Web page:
13. Wegrzyn 13 government is keeping a keen eye on how firms, large and small, start up and seek to create new ideas and processes. The second main way China has begun the shift to an innovation driver is through institutions such as universities and R&D centers, both in-house and independent. The Soviet Union was the original model for Chinese entrepreneurship and innovation. The research, education, and manufacturing arms of research institutes, universities, and SOEs were siloed from one another, separate by thick government regulation and oversight. China has since progressed from those draconian laws, largely because the Chinese government recognized in the late 1990’s that allowing collaboration amongst those three arms would grow the economy, both in the present and future. One of the first steps taken was on the university level. China graduated the most science and engineering undergraduate and graduate students in 2012, with 6.7 million receiving degrees.35 China has consciously invested into creating more higher education systems and also increased admissions into areas such as science and technology. The central idea driving the Chinese higher education is increased exposure to areas of innovation and high potential growth. By integrating universities with firms that can either add to new ideas and/or realize those concepts, China has increased its creative base that is most likely to innovate and start their own businesses. R&D institutes, both within businesses and independent, are also central to China’s innovation and entrepreneurial growth. While there are public R&D centers, they tend to be less efficient and effective than their individual counterparts. An important new trend are multi-national enterprises (MNEs) that have begun to shift entire R&D wings to China, in search of the burgeoning talent pool emerging from universities with masters and PhD 35 Fu, Xiaolan, and Rongping Mu. "Enhancing China's Innovation Performance: The Policy Changes." China & World Economy 22.2 (2014): 42-61. Web. 15 Feb. 2016.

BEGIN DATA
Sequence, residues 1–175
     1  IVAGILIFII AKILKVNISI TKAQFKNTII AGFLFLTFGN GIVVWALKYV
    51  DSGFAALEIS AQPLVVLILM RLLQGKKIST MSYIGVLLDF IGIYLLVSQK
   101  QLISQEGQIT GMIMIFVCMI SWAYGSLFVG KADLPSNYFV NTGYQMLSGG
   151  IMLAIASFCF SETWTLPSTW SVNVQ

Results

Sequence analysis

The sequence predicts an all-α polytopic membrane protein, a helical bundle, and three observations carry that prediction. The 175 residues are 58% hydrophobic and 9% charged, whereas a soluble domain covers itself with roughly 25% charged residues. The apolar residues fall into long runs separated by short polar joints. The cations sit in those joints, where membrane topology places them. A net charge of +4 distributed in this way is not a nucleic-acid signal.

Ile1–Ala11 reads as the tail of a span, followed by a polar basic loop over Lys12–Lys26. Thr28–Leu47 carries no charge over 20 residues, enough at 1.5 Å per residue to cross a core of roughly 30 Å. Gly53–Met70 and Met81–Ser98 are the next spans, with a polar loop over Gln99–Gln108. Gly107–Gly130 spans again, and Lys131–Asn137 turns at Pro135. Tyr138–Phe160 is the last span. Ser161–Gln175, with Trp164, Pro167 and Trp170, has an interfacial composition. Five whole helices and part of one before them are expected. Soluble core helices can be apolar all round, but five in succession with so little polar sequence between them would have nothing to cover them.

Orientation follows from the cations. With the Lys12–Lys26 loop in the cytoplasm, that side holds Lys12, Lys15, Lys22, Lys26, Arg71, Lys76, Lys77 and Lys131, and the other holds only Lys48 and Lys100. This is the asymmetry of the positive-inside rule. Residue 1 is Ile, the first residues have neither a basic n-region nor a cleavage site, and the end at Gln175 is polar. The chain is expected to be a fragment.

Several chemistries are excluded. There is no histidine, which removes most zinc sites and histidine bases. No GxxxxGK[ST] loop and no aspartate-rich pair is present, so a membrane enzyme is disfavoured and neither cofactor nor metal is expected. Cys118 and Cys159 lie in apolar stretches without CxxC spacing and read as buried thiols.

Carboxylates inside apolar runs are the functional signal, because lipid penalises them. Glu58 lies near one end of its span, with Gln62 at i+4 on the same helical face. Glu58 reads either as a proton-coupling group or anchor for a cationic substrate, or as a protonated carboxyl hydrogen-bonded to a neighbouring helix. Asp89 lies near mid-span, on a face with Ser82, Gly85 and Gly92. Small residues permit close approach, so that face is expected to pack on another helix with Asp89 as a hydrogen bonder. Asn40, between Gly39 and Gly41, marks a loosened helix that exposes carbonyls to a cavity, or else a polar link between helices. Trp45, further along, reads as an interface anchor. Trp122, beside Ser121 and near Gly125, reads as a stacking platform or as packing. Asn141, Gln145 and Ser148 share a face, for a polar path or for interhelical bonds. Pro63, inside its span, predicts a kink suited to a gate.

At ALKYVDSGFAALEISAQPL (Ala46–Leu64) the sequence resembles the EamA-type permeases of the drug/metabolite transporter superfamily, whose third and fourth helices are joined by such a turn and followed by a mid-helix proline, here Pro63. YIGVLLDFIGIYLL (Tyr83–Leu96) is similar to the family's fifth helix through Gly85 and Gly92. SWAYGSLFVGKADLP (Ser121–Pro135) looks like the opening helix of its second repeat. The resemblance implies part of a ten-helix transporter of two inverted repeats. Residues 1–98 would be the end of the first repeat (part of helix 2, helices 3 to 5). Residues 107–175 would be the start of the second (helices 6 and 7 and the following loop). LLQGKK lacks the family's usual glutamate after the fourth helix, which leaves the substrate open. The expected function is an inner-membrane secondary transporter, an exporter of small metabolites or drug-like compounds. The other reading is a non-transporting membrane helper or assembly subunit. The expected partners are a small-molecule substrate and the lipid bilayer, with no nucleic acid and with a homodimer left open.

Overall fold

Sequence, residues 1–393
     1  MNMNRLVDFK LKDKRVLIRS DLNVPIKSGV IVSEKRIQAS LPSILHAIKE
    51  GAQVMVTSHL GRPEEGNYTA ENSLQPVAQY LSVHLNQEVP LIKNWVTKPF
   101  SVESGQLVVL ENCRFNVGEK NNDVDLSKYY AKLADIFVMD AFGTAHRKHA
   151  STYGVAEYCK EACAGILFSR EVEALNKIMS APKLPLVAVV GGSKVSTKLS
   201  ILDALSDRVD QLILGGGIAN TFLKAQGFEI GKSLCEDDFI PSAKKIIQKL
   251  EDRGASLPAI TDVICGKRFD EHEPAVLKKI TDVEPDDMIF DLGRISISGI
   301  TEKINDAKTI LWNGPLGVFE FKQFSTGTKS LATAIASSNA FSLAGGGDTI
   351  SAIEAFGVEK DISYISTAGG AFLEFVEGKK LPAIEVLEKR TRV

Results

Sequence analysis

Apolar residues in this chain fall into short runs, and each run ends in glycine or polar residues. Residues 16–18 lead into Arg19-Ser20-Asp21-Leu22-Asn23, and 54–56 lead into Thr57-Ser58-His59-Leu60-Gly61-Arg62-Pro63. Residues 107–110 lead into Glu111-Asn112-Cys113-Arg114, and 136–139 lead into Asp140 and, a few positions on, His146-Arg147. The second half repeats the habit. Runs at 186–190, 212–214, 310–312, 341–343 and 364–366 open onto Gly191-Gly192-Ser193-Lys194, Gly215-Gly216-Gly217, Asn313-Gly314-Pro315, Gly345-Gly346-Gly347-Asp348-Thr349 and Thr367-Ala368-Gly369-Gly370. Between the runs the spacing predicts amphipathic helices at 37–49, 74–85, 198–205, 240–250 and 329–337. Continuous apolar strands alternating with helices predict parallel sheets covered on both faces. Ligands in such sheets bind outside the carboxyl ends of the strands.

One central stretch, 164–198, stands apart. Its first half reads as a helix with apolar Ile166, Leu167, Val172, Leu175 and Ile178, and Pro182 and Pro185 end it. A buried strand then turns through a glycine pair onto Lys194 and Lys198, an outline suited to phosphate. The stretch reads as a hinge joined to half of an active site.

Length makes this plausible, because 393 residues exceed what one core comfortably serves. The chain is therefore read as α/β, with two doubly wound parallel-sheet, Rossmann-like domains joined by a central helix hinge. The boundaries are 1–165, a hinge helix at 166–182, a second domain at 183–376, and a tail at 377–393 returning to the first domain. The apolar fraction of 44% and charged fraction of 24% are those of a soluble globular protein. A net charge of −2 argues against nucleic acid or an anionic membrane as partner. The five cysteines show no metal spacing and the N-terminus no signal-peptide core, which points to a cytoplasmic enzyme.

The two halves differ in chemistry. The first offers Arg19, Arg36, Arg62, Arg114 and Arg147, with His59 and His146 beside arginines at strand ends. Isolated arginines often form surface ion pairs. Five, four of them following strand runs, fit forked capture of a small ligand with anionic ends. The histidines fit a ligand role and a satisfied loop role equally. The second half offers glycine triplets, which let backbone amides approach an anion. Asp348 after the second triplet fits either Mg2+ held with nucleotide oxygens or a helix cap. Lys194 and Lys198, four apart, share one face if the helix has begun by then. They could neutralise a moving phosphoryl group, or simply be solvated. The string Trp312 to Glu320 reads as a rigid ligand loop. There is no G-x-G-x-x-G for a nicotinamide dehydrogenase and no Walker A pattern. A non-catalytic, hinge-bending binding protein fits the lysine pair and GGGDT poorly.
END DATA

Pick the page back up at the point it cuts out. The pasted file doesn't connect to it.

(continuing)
14. Wegrzyn 14 degrees. In 2004, there were around 600 R&D centers in China and in six years, that number more than doubled to surpass 1,200.36 As industrial firms are making up more than 70% of China’s R&D spending, results are being seen. An empirical study said that for every percentage spent on R&D, there was a .59% increase in patents granted to employees and a .53% increase in share of new product sales. 37 These figures demonstrate the power of reinvesting in developing new ideas and technologies. R&D translates to increased sales, products, and possibilities for the future. China has wisely supported the integration and expansion of universities and R&D centers, which have developed a new generation of engineers, creators, and entrepreneurs that will fuel China’s future. China is a lexicon of cultural barriers, political ambiguity, and economic paradoxes with a complicated history with the capitalistic practices of innovation and entrepreneurship. In the Maoist era, with procedures and an economy modelled after the Soviet Union, there was no room for SMEs outside of black markets amongst nationalized agriculture, steel production, and manufacturing. Only after the Four Modernizations did China finally begin the process of becoming a modern nation. Yet there were a number of policy and ideal shifts that did not crystallize until the late 1990’s, early 2000’s. At that point, China’s economy was accelerating without signals of slowing down. Yet the Chinese government realized this growth would be unsustainable as a manufacturing centric economy. Therefore, China set its sights on the service industry and the weakest aspect of its economy: innovation and entrepreneurship. Chinese SMEs have long suffered under lack of funding, minimal public support, and inadequate labor. In addition, the government had a number of elements that hurt small business development such as 36 Abrami, Regina M., William C. Kirby, and F. Warren McFarlan. "Why China Can't Innovate." Harvard Business Review. N.p., 01 Mar. 2014. Web. 15 Feb. 2016. 37 Sun, Y,. Du, D., Determinants of industrial innovation in Chine; Evidence from its recent economic census. Technovation (2010), doi:10.1016/j.technovation.2010.05.003